Monday 27 October 2008

Martha Gellhorn's The Face of War seemed as good a place to start as any. I'd completed the biography and I wanted to know why she was known as one of the earliest literary journalists.

Starting in 1937 covering the Civil War in Spain, Gellhorn travelled with troops and assembled reports in the form of features for Collier's magazine.

Gellhorn took to war like a duck to water, revelling in the bonhomie among troops. Because the stories (at least up to the WWII ones) were published almost immediately, there's also the 'us and them' element poking through like a writerly tic.

You wonder if she always included these lines or whether her editors back in New York inserted them before going to print. In either case, it's off-putting. Her dislike of the "cold, ambitous men" and her sympathy for the undrerdog also blinds her to real drama.

Her dislike of the Germans is palpable. Her prognoses are unerringly correct, such as her idea that China would only achieve democracy after (a) universal education and (b) a decent livelihood for the masses, had been achieved.

If Gellhorn didn't exist you'd have to invent her. John Pilger is a man formed in her image. But this, for example, seems unnecessary:

"The French ... are fighting for the honor of France ... they are fighting to get home to a country cleansed of Germans."

It's hard to see the difference, in tone and intent, between this kind of guff and Germany's insane policies that had led to war in the first place. Poetic justice, perhaps, but disturbing when coming from the pen of the writer herself.

Gellhorn uses direct quotes to great advantage. The first piece, dated mid 1937, is from Madrid. The imagery is natural and unforgettable. Her quoting hotel maids discussing the damage to certain rooms, and the way civilians deal with incessant shelling, are truly wonderful.

As she goes on, Gellhorn's reports become less like this, and more like what we can read elsewhere. Which is a pity. Her felicitous phrases are numerous, attesting to her other occupation of novelist.

I feel a "vast directed strength" (a phrase she uses to describe the war effort) in Gellhorn's writing. How many generations does it take to result in this kind of thing?

But Gellhorn clearly likes being among young, handsome, disciplined and resilient men. Which is not surprising.

This is a marvellous book.

Saturday 18 October 2008

Cezanne's Bords de la Marne, recently revealed in the old section of NSW's art gallery, is apparently not yet paid for.

An email to subscribers of the gallery's mail list tells us there will be a fundraising auction.

The $16 million painting is not large, nor is the price. Really it's not when you think about it. Consider the value of real estate in Sydney alone for a moment. It can seem a bargain in this light.

Eighty per cent of the cost was from private sponsors, articles last month read. And it had already been moved to Sydney.

It's a small and well constructed picture of a river frontage. The thumbnail above shows a sample. In the full image, a punt enters the frame at bottom right. This dynamic is buttressed by a sweeping movement in foliage of the tree Cezanne has placed in the dead centre of the frame.

The tree's downward movement sweeps around clockwise, and returns the viewer's attention to a stack of houses receding elegantly at left of frame. The two movements complement each other. The punt moves left and the sweep of tree and clouds moves in concert.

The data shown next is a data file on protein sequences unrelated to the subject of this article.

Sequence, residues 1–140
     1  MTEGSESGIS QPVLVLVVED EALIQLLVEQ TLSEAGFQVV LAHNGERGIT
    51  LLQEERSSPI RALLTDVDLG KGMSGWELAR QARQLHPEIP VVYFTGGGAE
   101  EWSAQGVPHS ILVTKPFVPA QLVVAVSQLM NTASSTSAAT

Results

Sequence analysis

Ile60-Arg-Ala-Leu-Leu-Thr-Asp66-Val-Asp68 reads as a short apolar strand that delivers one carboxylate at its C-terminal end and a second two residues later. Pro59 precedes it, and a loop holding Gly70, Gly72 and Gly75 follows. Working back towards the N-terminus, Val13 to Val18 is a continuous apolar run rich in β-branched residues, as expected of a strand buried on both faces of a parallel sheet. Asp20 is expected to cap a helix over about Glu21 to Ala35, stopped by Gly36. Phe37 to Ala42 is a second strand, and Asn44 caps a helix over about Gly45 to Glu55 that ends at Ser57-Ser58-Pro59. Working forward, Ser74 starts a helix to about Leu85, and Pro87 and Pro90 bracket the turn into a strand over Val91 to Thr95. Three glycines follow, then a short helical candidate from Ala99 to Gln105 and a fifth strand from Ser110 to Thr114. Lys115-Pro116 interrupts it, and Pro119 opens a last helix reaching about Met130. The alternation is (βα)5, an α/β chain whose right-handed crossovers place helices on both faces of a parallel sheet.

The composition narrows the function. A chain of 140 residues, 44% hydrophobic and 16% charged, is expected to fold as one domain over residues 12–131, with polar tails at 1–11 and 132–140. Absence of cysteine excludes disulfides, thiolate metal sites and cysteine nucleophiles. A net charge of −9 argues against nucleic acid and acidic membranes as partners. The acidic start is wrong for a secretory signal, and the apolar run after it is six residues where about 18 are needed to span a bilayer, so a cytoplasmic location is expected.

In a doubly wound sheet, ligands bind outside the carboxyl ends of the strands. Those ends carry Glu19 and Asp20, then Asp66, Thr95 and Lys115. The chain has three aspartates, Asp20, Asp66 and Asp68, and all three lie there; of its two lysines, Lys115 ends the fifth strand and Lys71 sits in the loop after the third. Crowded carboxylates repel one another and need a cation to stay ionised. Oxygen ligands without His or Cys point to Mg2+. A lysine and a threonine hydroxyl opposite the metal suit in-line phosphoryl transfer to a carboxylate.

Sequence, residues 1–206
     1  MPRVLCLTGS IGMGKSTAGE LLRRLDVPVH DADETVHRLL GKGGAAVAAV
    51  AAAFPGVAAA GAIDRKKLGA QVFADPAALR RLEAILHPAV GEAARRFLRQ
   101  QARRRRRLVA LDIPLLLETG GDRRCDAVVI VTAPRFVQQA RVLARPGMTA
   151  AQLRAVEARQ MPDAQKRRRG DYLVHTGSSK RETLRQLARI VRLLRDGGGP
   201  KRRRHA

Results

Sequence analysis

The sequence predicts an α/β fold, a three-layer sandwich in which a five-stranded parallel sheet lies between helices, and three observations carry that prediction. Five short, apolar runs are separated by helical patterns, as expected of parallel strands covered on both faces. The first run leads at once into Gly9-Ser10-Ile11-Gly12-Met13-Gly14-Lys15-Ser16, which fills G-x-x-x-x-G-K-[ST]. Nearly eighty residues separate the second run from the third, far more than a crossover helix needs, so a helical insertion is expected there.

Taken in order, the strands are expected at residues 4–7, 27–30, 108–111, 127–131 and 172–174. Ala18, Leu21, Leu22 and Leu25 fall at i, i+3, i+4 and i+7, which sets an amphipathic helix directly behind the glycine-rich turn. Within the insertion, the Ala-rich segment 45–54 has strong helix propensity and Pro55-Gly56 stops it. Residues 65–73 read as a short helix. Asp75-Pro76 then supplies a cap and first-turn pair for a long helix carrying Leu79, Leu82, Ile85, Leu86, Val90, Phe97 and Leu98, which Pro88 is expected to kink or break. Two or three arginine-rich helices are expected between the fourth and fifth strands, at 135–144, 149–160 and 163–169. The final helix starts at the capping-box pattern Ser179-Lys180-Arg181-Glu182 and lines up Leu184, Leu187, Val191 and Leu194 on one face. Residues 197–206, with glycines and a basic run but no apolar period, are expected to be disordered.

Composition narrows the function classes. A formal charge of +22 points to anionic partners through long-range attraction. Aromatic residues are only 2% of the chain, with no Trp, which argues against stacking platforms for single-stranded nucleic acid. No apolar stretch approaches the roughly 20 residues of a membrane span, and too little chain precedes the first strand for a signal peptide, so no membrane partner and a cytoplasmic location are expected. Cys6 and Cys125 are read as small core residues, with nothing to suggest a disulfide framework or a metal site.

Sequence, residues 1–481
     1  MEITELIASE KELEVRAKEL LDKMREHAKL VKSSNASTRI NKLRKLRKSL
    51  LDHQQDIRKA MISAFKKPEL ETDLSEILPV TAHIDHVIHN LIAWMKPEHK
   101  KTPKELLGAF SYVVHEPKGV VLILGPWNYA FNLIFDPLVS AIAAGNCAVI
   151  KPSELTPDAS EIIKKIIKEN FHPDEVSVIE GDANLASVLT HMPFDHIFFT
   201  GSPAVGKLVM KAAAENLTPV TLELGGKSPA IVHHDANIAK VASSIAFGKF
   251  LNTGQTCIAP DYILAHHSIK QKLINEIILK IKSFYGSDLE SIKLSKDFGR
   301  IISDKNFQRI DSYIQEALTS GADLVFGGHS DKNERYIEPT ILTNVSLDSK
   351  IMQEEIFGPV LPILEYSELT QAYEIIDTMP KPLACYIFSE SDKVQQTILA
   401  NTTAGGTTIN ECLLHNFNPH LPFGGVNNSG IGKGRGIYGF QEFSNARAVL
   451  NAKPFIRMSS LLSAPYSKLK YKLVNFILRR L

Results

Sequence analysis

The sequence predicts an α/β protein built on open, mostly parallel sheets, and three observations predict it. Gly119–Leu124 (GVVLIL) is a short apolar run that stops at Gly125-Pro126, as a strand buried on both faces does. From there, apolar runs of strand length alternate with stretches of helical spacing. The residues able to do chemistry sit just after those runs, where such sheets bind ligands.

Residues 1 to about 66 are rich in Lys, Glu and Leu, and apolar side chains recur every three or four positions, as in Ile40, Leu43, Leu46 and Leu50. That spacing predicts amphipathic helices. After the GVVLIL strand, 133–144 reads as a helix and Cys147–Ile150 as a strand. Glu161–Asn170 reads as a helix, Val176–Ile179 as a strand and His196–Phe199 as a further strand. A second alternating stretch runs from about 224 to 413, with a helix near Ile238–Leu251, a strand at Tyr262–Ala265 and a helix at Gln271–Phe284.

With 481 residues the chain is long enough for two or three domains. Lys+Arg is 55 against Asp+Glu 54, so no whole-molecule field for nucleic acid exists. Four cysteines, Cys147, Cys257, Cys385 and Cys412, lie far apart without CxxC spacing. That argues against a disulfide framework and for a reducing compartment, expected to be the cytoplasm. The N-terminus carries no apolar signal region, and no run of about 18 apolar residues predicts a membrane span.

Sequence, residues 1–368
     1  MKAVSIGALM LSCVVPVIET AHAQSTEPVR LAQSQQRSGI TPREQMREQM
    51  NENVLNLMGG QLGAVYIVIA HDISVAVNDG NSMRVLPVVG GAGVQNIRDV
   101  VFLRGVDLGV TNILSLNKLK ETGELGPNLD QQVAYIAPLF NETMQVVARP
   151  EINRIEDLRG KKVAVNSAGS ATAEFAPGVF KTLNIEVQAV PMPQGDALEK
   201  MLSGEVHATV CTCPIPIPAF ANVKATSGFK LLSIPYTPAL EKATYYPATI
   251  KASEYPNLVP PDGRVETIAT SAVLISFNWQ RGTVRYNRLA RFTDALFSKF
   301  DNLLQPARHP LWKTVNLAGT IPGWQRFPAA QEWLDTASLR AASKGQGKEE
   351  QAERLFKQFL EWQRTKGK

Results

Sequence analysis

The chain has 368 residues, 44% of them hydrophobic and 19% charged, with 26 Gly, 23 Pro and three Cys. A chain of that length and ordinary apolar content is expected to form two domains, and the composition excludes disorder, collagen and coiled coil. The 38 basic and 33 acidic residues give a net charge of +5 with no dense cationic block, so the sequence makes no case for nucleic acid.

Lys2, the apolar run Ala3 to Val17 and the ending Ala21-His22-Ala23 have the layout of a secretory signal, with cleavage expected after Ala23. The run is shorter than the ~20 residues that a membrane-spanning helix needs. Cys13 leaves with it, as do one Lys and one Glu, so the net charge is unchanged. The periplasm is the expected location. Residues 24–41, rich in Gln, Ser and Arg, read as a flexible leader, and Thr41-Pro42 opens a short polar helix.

The image offers a scene and structure characterised by tranquillity and stability. In the left half, stacked houses and trees stand in quiet repose compared to the fluidity of the right half.

The pleasant contrast is not inventive. Compared to better-known views of a Swiss mountain and the painter's signature still lifes with oranges, Bords de la Marne is sedate.

Nevertheless, careful reconstruction of the material world in terms of what is seen - rather than in terms of what should exist - is Cezannesque.

Anyone can go to see the painting if they are in Sydney now. Veer right after entering the gallery. The access portal is last on your right.

No postcards have been printed. This is not surprising as it's early. But as Edmund Capon said during televised broadcasts at the time of purchase, it rewards repeat visits.

Monday 13 October 2008

When are road works on Glebe Point Road going to be finished?

Current status is that traffic from Broadway to St Johns Road is one way uphill. To those who lived or live in the area it’s certainly a puzzle.

For the rest of you, apologies. This post is about an area of personal significance.

Not an unusual claim. Thousands … Nay, tens of thousands, may say the like. In a sense it’s a Sydney thing due to Glebe’s ‘iconic’ status.

Where else can you live in a standalone, stone house within fifteen minutes’ walk of Darling Harbour?

Only Paddington can make a similar claim.

But Paddington’s not fenced off like at a rock show. “One working, three talking,” the shopkeeper said to me.

It’s been a while, clearly.

The cobbled area on Broadway mirrors recent work at Sydney Uni’s Camperdown campus. The grey stone sits well amid overhanging branches poking out from the Moreton bay figs in Victoria Park.

Broadway will never be quiet. It’s a stroke of genius to lay cobbles at the mouth of - what used to be, before King Street took off - one of Sydney’s most popular dining streets.

The European effect is a suitable counterpoint to one of our more unusual suburbs.